As you know, the largest national conversation at the moment is sexual assault.
Just last month, signs accusing students of rape were put on display at a number of HBUs. Those campuses included Spelman College, Morehouse College, and Clark Atlanta University. The signs accused the administration of each college and university, making up the Atlanta University Center Consortium, of covering up sexual assault.
Creator of the “Me Too” campaign Tarana Burke said “Spelman has a long history of being very active and outspoken.”
“Sexual assault doesn’t know any race, class or gender, but the way we respond to it does. We can see that in the case of R. Kelly. All his accusers are black girls, and he still has a prominent position in our community.”
Why is it that R. Kelly, accused of peeing on a fifteen year old, gets a pass sexual assault? Not only that, but the evidence was substantial. There was s physical tape, as well as women who came forward. However, the black community seems dismissive with these facts and still purchases his music.
ESSENCE’s News and Culture Editor Christina Coleman expressed that she believes that the way the black community responds to sexual assault can endanger black women.
“I think it’s a cultural thing. For black people, we are taught at a really young age that we shouldn’t snitch, nobody wants to be a snitch,” she says.
“The other part is always protecting black men. We saw that with Cosby,” she continues.
In an interview with Teen Vogue, Illinois State Representative, Litsea Wallace explained the culture of sexual harassment toward women in government.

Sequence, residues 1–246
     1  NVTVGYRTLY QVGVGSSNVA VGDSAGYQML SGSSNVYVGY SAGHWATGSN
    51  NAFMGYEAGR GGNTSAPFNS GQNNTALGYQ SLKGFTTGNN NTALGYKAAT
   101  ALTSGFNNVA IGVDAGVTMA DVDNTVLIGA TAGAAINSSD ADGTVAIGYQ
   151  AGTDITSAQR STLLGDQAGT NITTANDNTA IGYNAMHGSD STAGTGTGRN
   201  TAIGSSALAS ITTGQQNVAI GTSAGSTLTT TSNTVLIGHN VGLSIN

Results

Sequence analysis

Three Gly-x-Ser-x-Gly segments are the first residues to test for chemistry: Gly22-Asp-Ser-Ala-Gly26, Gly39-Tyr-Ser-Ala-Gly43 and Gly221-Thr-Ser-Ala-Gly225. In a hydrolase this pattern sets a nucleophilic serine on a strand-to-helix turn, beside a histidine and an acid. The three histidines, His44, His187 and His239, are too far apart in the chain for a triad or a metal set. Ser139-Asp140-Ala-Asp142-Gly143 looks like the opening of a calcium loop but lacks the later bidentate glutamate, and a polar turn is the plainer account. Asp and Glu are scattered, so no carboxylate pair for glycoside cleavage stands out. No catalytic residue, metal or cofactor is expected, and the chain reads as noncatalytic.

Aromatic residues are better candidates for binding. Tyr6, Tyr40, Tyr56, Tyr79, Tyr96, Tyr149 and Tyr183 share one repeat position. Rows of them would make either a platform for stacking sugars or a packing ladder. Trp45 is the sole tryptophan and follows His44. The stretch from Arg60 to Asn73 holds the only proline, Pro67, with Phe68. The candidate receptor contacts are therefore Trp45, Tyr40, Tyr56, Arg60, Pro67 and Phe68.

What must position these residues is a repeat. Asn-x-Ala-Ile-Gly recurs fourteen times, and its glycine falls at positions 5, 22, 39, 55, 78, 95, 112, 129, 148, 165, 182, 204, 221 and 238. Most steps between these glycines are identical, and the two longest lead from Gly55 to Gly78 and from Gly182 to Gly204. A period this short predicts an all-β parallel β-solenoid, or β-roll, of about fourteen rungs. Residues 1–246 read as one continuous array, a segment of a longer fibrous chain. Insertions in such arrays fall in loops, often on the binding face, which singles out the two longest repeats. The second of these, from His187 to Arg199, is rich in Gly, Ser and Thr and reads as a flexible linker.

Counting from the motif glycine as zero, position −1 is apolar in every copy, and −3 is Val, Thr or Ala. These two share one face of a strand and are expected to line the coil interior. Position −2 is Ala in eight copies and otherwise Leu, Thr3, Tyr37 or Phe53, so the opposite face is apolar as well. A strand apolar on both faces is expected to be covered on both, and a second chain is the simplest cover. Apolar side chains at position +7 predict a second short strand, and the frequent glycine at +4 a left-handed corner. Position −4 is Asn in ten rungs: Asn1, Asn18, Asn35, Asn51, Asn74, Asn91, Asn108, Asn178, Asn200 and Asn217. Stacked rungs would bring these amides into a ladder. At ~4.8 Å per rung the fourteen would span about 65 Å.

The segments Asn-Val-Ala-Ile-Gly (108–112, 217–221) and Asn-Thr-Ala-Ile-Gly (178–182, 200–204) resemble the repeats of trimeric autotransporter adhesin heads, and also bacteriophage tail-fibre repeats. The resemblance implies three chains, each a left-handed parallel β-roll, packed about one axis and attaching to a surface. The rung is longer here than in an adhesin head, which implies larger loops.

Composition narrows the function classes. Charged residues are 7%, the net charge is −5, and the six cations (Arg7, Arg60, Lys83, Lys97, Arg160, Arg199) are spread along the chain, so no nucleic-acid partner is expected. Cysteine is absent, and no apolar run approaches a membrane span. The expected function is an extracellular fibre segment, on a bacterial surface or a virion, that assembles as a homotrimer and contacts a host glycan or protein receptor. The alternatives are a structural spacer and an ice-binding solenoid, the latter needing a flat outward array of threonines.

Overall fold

Being a State Representative for three years, and a legislative staffer for three years, Wallace has seen firsthand the pervasive culture of unchecked sexual harassment. It constrains and silences women, specifically women of color.
In 2014, Wallace remembered turning to a woman colleague after a man made an inappropriate comment in the legislature.
She was told “That’s just how he is.”
Her colleague explained to her that in her past experiences, it has been better to ignore harassment than to confront it.
Sadly, these responses are from women of color. Sexism and racism can be a destructive experience, this toward women is a form of misogyny. Years of being silent about being assaulted, disrespected, and underrepresented; it can be discouraging, painful, and dangerous. Especially when coming forward with your story can be more detrimental than helpful as women of color.
Many times we are told “men will be men,” or that “it wasn’t that serious.” It puts most in a position where they are expected to stay professional, but also have to be cautious to not be isolated with a male colleague at any time. Having to earn respect from a dominant culture can be hard, yes. But it is needed to effect constant change and awareness that is not within the black community, or people of color.